404! Page Not Found! Ahhhh! Panic!

Do you remember that one copypasta that satirizes obnoxious error messages?

It’s funny because you just *know* they’re talking about Discord.

Turns out that’s barely hyperbole. Check out this monstrosity that I encountered the other day:

Obnoxious 404 page from HTML Dog

This is what happens when you let your UX writers run wild. I’m all for creative voice and tone in my web interfaces, but there’s a line that was crossed at the first mention of a “wee boob.”

When writing error messages – or any UI copy, for that matter – it’s better to err on the side of being boring but clear. Once you’ve decided that every line needs to contain some sort of joke or quip, the attempts at humor quickly become stale.

Jakob Nielsen wrote a nice set of Error Message Guidelines back in 2001. I think his guidelines still hold up, so let’s see how HTML Dog’s 404 page measures against them.

“Explicit indication that something has gone wrong.”

HTML Dog’s 404 message begins decently enough. “404! Page Not Found!” The exclamation points are a little extra, but at least it puts the relevant info upfront.

Then the screaming begins.

I can easily imagine certain older members of my family legitimately becoming worried if they read “Ahhhh! Panic!” Those words are so unusual and alarming. Accusatory, even. As if to say, “Look at what you’ve done.” People who don’t understand what a 404 message is or how webpages are retrieved over the internet might read something like “The authorities have been notified” and start to wonder if they’ve inadvertently committed some sort of cybercrime. The message declares that someone ought to be “sorry.” It’s all a bit… much.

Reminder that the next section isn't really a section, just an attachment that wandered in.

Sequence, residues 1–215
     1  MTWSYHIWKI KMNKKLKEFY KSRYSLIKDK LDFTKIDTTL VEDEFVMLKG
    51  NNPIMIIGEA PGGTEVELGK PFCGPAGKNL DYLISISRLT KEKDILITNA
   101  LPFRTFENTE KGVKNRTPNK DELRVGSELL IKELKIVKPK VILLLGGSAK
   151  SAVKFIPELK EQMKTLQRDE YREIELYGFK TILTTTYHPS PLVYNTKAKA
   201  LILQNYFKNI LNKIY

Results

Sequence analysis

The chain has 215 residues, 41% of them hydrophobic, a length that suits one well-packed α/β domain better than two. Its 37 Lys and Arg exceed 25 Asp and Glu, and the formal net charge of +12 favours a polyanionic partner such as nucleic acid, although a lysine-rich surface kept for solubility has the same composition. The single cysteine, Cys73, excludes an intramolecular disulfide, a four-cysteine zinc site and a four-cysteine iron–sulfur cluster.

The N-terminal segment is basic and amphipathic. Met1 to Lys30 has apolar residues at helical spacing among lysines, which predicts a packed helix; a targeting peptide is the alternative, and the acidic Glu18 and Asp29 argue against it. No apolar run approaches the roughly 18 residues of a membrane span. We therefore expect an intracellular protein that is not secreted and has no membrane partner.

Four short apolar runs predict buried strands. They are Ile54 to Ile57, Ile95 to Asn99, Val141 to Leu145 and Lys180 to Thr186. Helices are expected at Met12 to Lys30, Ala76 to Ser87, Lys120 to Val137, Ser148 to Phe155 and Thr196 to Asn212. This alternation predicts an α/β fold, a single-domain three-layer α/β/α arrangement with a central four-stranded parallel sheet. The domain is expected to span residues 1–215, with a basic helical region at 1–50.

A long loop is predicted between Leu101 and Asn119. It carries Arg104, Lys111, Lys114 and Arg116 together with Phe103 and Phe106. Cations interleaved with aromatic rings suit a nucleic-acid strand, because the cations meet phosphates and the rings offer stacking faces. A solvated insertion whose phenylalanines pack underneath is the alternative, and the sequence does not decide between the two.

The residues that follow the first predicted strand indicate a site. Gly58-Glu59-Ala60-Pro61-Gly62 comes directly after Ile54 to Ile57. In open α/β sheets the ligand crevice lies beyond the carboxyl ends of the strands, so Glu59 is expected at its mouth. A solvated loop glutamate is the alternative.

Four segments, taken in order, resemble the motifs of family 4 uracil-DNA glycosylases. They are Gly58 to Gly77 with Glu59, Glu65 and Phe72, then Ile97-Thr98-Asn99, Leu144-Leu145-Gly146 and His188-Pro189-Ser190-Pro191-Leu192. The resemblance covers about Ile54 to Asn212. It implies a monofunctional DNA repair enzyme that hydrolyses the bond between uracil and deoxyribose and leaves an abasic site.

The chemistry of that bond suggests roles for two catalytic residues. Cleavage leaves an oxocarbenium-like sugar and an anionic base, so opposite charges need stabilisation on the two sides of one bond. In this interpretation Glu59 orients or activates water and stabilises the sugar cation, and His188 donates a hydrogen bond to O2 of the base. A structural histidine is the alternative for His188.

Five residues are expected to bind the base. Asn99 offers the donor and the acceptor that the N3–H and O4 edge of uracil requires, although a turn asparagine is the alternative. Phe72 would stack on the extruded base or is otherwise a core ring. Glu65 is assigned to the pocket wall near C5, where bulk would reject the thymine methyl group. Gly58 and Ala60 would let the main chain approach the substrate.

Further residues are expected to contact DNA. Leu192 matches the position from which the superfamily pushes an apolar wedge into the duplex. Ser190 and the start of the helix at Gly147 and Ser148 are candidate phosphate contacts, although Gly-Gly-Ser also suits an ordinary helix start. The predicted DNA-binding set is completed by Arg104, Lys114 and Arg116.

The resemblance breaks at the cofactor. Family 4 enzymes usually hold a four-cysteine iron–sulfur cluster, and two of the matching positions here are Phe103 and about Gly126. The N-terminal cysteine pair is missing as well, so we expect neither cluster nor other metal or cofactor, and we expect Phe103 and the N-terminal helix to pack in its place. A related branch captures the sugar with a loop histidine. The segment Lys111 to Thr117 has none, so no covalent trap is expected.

“Human-readable language, instead of obscure codes or abbreviations”

I think the issue here is that HTML Dog is trying to be too “human-readable.” Normally error messages are indeed full of obscure codes and abbreviations, so kudos to HTML Dog for avoiding impenetrable tech jargon. I might argue, however, that the Justin Bieber reference counts as obscure. Billions of YouTube views aside, “Sorry” is several years old at this point.

“Polite phrasing that doesn’t blame users or imply that they are either stupid or doing something wrong”

“The person responsible will be fired. And cast out into the wilderness,” might be “polite” in the sense that it’s technically talking about someone other than the user, but keep in mind that most visitors will haphazardly scan the words on the page, not start from the beginning. If the words and phrases lingering in one’s mind after a cursory scan include “fired,” “cast out into the wilderness,” “this upsetting circumstance,” “Ahhhh!” and “the authorities have been notified,” that’s not what I would call a pleasant “user experience.”

“Precise descriptions of exact problems, rather than vague generalities”

This 404 message is as precise as it can be. It is true that the site wouldn’t necessarily know the exact reason why the error was returned, so it’s nice that it suggests three possibilities. It’s also helpful that that the most important bits are bolded. That being said, all the extra copy muddies that precision and might even introduce some of the “panic” that it sought to dispel.

“Constructive advice on how to fix the problem.”

HTML Dog is admirable for including a “What Now?” heading on its 404 page. Suggested next steps for the user are often missing from error messages. However, the non-hyperlinked parts of the bullet points are anything but constructive. “References: Refer to stuff,” to take but one example, is neither informative nor funny. And is the bizarre aside about Wikipedia supposed to be a pun about “roofing” because the site is called HTML “Dog”? Who the hell knows, man.


Jakob Nielsen’s guidelines are worth a look if you haven’t read them in full. Error messages are never fun to encounter, but I’d rather read one that calmly explains the problem and suggests next steps than one that tries too hard to be cute.